1. What would be the drawbacks to a minimalist electronic approach? Like simply a hand-held GPS? When visibility is good, I intend to rely on paper charts and triangulated position fixing if I need to know EXACTLY where I am. But in essence, navigating the "old fashioned" way appeals to me more than sitting there looking at a color screen. The hand-held GPS, capable of providing an exact real-time fix, would be relied on more for fog / low visibility situations.
There is nothing wrong with a minimalist approach. Your boat, your money, your selection.
I started with a simple black and white hand held Garmin. It came with a marine basemap that had every navaid in the US listed. It worked great to tell me exactly where I was (lat / long), how fast I was going, and in what direction I was traveling. It was OK at providing me with exactly what bouy or light house I was approaching, and it was poor at usability because the screen was small and the user interface was clumsy.
2. Garmin handhelds and entry-level chartplotters come with US Coastal "BaseMaps" but then it seems they want more $$ for BlueChart maps. Their site is very poor describing what one does and does not get with Basemaps and BlueChart upgrades. Basic question... do Basemaps provide enough info for safe coastal sailing in low visibility conditions, or is the BlueChart upgrade necessary?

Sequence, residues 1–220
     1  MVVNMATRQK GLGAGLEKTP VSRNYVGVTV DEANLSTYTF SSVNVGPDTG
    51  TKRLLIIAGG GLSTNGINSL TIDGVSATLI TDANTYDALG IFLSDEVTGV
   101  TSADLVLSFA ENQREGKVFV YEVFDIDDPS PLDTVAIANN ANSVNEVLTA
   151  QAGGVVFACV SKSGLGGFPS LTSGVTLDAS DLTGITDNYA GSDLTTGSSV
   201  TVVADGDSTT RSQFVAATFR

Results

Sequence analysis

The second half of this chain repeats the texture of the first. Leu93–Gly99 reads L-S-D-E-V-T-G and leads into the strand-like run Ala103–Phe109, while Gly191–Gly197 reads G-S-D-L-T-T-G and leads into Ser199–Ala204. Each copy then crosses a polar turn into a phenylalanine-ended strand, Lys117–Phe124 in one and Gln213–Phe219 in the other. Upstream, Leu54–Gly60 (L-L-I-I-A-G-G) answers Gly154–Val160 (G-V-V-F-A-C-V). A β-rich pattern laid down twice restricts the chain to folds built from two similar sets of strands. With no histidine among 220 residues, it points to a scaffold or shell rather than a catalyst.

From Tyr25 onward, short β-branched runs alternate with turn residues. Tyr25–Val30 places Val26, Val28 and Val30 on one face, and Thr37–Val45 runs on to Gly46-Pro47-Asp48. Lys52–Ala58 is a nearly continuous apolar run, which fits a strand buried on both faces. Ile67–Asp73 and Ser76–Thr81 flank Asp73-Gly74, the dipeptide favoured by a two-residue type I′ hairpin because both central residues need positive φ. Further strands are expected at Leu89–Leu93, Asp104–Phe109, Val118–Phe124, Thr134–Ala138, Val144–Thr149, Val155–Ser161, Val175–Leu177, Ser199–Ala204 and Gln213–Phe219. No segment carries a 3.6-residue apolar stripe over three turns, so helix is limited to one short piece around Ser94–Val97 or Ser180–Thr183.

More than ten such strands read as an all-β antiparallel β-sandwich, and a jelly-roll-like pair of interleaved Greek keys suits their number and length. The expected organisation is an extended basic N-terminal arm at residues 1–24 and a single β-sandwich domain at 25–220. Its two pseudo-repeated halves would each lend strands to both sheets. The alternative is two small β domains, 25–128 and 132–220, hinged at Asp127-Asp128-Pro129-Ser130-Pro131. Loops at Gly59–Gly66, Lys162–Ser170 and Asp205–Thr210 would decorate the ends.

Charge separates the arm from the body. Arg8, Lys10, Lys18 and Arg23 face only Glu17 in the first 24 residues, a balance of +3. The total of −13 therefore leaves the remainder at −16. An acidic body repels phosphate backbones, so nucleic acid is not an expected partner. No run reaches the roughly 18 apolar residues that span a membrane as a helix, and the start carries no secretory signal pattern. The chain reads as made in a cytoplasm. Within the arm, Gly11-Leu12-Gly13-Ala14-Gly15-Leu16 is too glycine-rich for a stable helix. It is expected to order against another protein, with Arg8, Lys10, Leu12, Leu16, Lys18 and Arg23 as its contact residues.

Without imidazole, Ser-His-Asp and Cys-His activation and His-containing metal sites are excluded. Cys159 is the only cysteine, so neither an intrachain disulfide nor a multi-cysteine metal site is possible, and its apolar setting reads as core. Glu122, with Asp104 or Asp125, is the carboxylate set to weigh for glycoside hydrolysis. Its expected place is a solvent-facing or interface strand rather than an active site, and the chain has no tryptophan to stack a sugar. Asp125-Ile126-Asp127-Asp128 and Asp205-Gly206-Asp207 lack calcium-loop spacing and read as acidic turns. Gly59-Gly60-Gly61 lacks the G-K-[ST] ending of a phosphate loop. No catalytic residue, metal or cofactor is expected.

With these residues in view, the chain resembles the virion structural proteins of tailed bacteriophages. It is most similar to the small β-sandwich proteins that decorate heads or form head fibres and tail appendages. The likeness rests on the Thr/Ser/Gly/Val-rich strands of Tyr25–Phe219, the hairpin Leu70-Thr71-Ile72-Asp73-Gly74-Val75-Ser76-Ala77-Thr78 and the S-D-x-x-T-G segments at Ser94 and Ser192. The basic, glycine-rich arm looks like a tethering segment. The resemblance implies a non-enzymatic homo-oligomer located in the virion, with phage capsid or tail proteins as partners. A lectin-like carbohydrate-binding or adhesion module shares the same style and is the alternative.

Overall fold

The basemap usually contains every navaid in the US. It may contain tide information. It will not contain information on marinas. Updated charts will contain tide and current information, detailed information on marinas, and will usually display depth information like a printed chart.
While the basemap is certainly sufficient for safe coastal cruising, the updated charts do have significant benefits. IMHO, the updated charts are only useful on a larger color screen.
3. In addition to GPS (or maybe entry-level Chartplotter) I only plan to install a depth sounder. I've done enough small-boat sailing that I don't need / want speed or wind instruments (I can also get SOG from a GPS). Looking at the traditional sailing providers (Raymarine, et al) , depth sounder / transduver combos go for $400 +/-. A Wal-Mart fishfinder with thru-hull transducer is $125. What am I missing here?
The basic sounders will work OK and as listed above you can get high quality sounds for less money.
IMHO, you would be better off with a smaller, cheaper, integrated plotter / sounder unit than with a handheld unit.
The benefits of an integrated plotter are a larger screen (usually), connection to ships power so you don't need to worry about batteries, and you can't drop them overboard. Lastly, they can be easily connected to a DSC VHF unit.
When I bought my second boat I wanted a better GPS system so I bought a Lowrance M68C S Map. This is a small, affordable, color GPS and depth sounder. IT comes with a detailed basemap including depth, tide, and current information. The screen was 3.5" and easy to read. For my third (and current) boat, I wanted the same functionality, but a larger screen, so I bought a Lowrance LMS 337 CDF with a 5" high resolution color screen.
If you can afford to spend $350 or so, you can get a great GPS system.